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Bauer, S.F. (1996). How Psychotherapy Works: Process and Technique by Joseph Weiss New York: Guilford Press, 1993, xv + 224 pp., $27.95.. Psa. Books, 7(1):87-91.
    

(1996). Psychoanalytic Books, 7(1):87-91

How Psychotherapy Works: Process and Technique by Joseph Weiss New York: Guilford Press, 1993, xv + 224 pp., $27.95.

Review by:
Stephen F. Bauer, M.D.

After many decades of idealization in the United States, psychoanalysis has fallen on parlous times. Critics have frequently compared psychoanalysis's fall from grace to that of Marxism, as a similar “light that failed.” These critics propose that psychoanalysis demands belief rather than proof: true believers gain solace from belief itself. For believers evidence is akin more to testimonial than fact. Indeed the current crisis in psychoanalysis would seem to be a crisis of fact.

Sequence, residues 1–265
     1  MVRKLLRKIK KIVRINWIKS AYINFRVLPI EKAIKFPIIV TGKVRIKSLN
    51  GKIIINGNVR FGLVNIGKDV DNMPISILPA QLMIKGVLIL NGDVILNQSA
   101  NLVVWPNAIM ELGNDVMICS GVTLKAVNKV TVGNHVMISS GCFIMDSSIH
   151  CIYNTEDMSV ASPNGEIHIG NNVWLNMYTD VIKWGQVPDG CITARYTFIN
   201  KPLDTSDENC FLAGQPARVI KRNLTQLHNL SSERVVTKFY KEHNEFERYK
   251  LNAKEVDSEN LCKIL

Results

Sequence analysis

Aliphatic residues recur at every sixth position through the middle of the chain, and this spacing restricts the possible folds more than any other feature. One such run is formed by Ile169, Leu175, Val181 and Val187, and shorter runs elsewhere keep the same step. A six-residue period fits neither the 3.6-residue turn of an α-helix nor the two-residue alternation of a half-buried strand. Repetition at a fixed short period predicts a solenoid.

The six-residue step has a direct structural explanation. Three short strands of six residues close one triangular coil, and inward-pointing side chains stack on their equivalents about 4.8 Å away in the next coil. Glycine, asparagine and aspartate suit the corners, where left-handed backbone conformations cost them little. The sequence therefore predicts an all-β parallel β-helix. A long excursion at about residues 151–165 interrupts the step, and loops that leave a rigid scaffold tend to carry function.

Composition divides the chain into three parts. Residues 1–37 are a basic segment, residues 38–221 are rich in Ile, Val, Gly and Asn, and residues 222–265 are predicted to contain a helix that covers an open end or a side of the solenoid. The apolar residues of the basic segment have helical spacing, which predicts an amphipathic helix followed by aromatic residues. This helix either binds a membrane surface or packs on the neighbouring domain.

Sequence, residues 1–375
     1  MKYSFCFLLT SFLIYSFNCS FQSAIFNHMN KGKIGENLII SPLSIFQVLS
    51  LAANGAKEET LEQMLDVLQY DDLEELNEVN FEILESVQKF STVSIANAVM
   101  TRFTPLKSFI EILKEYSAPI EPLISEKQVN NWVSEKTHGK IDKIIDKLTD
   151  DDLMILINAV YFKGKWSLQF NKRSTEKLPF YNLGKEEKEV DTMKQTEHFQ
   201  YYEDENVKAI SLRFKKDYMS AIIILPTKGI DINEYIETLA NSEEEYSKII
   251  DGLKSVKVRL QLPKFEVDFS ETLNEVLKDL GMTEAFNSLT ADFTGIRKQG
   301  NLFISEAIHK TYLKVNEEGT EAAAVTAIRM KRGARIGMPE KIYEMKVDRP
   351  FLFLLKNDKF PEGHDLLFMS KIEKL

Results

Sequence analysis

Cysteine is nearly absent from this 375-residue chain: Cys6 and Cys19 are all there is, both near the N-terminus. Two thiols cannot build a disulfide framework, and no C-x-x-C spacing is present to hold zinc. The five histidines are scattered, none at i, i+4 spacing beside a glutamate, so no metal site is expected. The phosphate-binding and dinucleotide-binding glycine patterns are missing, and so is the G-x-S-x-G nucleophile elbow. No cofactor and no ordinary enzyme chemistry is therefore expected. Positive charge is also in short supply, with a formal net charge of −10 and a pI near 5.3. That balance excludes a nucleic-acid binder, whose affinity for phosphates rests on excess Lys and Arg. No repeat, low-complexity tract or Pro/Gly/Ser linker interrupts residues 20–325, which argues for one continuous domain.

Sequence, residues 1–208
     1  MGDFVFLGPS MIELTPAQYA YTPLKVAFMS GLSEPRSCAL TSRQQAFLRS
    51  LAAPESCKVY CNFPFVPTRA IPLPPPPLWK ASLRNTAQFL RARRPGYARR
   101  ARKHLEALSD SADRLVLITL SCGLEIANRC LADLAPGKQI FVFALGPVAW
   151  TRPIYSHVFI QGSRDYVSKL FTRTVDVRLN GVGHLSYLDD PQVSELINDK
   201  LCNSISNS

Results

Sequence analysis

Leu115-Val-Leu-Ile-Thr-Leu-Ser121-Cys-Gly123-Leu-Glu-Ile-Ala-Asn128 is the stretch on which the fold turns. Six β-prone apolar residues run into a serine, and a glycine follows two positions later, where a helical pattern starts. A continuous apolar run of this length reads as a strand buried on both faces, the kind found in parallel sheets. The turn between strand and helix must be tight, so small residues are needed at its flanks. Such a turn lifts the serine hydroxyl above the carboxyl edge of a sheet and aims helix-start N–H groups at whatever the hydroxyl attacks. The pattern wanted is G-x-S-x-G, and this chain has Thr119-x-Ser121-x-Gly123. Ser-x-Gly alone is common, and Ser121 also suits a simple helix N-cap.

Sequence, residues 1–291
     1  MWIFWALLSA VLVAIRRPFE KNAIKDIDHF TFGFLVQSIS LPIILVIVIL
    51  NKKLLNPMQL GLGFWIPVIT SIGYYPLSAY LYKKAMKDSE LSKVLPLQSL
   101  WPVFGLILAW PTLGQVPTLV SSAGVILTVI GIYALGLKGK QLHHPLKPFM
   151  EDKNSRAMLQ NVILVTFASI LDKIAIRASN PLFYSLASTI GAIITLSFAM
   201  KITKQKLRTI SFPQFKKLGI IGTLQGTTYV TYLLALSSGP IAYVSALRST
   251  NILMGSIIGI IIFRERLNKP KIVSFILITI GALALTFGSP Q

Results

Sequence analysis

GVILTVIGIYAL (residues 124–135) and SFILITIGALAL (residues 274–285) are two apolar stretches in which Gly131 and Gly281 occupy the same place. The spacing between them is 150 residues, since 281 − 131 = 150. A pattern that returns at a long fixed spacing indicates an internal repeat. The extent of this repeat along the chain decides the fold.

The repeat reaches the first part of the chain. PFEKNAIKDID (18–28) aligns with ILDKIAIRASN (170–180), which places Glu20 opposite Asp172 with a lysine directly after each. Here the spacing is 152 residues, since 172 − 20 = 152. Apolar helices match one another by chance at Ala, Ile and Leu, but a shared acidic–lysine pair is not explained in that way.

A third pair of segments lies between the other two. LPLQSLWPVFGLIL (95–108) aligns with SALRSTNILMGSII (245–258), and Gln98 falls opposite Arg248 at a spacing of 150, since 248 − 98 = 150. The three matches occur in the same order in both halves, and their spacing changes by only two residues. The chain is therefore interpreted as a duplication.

We psychoanalysts have contributed heavily to this state of affairs. While some (e.g., Edelson, 1984) have taken on the challenge and proposed methods of study of the “single case” (i.e., a psychoanalysis) that meet the requirements of scientific canon, others have indulged in theoretical excursions with formulations taking on a life of their own, seemingly defying proof or disproof, let alone replication.

The author of this book, Joseph Weiss, is one of the pioneers of a growing group of psychoanalysts who have looked closely at psychoanalytic process and outcome. In the course of his work he has questioned notions of present psychoanalytic practice as he understands it, has presented alternative hypotheses about unconscious mental functioning, and has offered empirical research evidence to support his views. This book summarizes decades of clinical teaching, research, and study in a form that is readily accessible to the working psychoanalyst. It is an elegant and impressive volume, but not one that should be uncritically accepted as is.

While

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